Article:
Reed (20m 45s):

Yeah, they're self-medicating. Yeah, yeah, yeah. They're, they're drink pouring down the coffee in the morning. They're drinking alcohol at night to, to relax. And it's, it's a form of self-medication, And, you know, people in that state know, they don't feel like they used to, they used to have more energy, more libido, more ability to put on muscle or workout or, you know, you know, think clearly. you know, cloudy consciousness is a real problem. People are walking around in the daze. And, and then again, if it goes on long enough, they think that's normal. Yeah. It wouldn't have to do with the clear head, you know. Whoa.

Brian (21m 24s):

Now, did you have any big health epiphany for yourself? Or do you continually, or sometimes do these tests on yourself? you know, maybe annually.

Reed (21m 34s):

I have, I have, you know, a sheet. My, the number of labs I've run on myself is ridiculous. Some I probably didn't need to do, but I like learning about labs. So yeah, I always use myself first. So, you know, I could say when I first started in my late forties doing this, the lab work, I felt great. Didn't have any problems, didn't notice much, actually used my own labs as examples for what good labs should look at. But, you know, and, and I'm 70 now they say 70 is the new 50 or something, but 80 is 80.

Reed (22m 17s):

So, so I'm looking to get to 80 and feel as good as I did 10 years ago. you know, I like, like if I, if I'm functioning like a 40 year old now at 70, what's it gonna be like at 80? And then there's 90 And, you know, we're only designed to go so far, thank goodness. I have longevity in my, in my genes. My mom is 93 still living. I'm gonna see her for Thanksgiving soon. And nice. And I, I just, just wanna, so yes, I'm always running labs to answer your question. And I'm getting into some new markers that I'm gonna be introducing to FDN. So the good thing about FDN is it's constantly evolving too.

Reed (22m 58s):

It isn't just, look, I can teach you in 10 months what, it took me 10 years of hard work in a clinic to learn. But it's evolved since that we keep learning, we keep going on. So yes, it's, it's an amazing education as you could attest to. And so can, you know, we've trained, I don't know, 4,000 people in 50 countries, but there's about a thousand who are very active practitioners. And that's my goal to create more active practitioners. But my point was just that, of course, we keep learning, we keep working on ourselves. I run the labs And, now I'm getting more into the predictive markers, which are really early.

Reed (23m 40s):

you know, if you read your, your listeners probably would enjoy a book called Drop Acid. Not for what it sounds like, but because

Brian (23m 50s):

Yeah, I've had him on, yeah, I've had him on the podcast.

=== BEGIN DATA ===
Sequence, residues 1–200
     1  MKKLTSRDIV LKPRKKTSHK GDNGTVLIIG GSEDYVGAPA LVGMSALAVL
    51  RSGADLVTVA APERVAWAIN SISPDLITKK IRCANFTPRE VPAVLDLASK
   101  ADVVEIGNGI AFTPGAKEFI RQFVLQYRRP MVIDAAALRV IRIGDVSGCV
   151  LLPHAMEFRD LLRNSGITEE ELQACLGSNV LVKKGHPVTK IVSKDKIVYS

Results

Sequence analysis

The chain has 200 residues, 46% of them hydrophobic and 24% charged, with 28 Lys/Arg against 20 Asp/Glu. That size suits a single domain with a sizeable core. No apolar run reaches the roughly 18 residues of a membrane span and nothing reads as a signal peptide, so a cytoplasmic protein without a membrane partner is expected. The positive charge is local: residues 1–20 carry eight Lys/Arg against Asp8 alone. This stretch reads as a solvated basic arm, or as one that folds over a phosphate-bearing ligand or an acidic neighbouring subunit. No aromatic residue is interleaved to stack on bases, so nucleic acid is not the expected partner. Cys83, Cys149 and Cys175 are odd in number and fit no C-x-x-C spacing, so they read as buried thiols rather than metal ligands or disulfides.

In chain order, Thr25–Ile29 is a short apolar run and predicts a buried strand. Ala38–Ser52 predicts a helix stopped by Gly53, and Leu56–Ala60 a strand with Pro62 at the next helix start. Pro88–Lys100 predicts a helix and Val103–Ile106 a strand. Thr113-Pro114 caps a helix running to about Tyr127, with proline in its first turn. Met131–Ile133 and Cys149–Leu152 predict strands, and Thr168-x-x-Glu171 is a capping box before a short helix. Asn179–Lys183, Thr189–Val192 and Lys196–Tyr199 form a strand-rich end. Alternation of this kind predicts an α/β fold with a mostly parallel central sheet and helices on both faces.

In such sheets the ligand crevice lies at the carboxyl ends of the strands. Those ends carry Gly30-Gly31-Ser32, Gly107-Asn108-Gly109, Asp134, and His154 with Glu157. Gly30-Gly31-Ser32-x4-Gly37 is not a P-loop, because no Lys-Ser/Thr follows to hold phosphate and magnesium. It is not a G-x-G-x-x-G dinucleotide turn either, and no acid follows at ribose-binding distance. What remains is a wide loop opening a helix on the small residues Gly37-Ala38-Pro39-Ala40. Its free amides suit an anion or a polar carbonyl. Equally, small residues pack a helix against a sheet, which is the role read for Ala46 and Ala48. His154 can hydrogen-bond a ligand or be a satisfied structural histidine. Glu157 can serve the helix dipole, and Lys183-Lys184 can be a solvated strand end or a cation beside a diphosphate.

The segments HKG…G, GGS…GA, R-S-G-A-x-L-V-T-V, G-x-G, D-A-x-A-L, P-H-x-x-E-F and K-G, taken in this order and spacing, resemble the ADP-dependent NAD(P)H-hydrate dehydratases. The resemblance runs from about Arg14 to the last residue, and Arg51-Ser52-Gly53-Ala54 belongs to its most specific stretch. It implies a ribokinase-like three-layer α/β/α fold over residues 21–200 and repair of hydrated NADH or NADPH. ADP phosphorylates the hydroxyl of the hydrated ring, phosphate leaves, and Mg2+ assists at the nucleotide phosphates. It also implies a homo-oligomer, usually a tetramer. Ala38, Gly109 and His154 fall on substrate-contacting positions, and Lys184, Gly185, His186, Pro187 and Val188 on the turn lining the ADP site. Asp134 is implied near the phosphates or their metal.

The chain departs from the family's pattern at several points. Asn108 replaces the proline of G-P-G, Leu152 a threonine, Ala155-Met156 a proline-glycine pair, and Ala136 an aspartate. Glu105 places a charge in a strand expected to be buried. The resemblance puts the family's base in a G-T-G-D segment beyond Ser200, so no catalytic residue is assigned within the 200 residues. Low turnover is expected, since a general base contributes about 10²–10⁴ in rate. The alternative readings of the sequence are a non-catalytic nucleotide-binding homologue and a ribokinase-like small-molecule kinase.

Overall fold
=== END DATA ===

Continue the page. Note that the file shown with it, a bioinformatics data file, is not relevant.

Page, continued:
Reed (23m 54s):

Oh, promo. Yeah.

Brian (23m 55s):

Oh, promo. Okay. I've had Dr. Richard Johnson on, maybe I got that confused, but, and

Reed (23m 59s):

Johnson was a concur, so he did this, the foundational work. So yeah, this idea of dropping our uric acid is critical. Physicians aren't anywhere near looking at that. You, they might run the test if you ask them to, but it's not a routine screening. And it should be for especially anyone my age.

Brian (24m 20s):

And then, you know, you've talked about it a little bit with gut, and you have the GI map, which is the, the lab that you, that we run at at FDN. What was that process like? Like, because I know the gut can be a tricky thing. And, you know, with path pathogens and fungi and as far as finding labs that are accurate and consistent over time.

Reed (24m 43s):

Well that's a very specific and sensitive test, you know, measures things. And some of them are more important than others. Getting a look at the balance of the microbiome's important and getting a look at some of the possible pathology. I mean, it will identify, you know, parasites, overgrowth of bacteria, fungus and things like that. There's also some digestive markers on that. But I have to say this, that, that whole area of testing, stool testing, I think it used to be better the, the old labs we used to run. Hmm. Which have just been phased out 'cause they're too expensive.

Reed (25m 26s):

So we're, we're now looking at this basically DNA, the PCR testing. And it's not perfect, but it's, remember we're just looking for clues, right? We're looking for in context of the other labs we run. Yeah. That's an important consideration. You definitely wanna know how your body body's handling these things. And it might, and if some of your symptoms might be related. In other words, that's one of the causal factors. Upstream, So, we just, like, we do a food Sensitivity test on every person. We do the stool testing on every person.

Reed (26m 8s):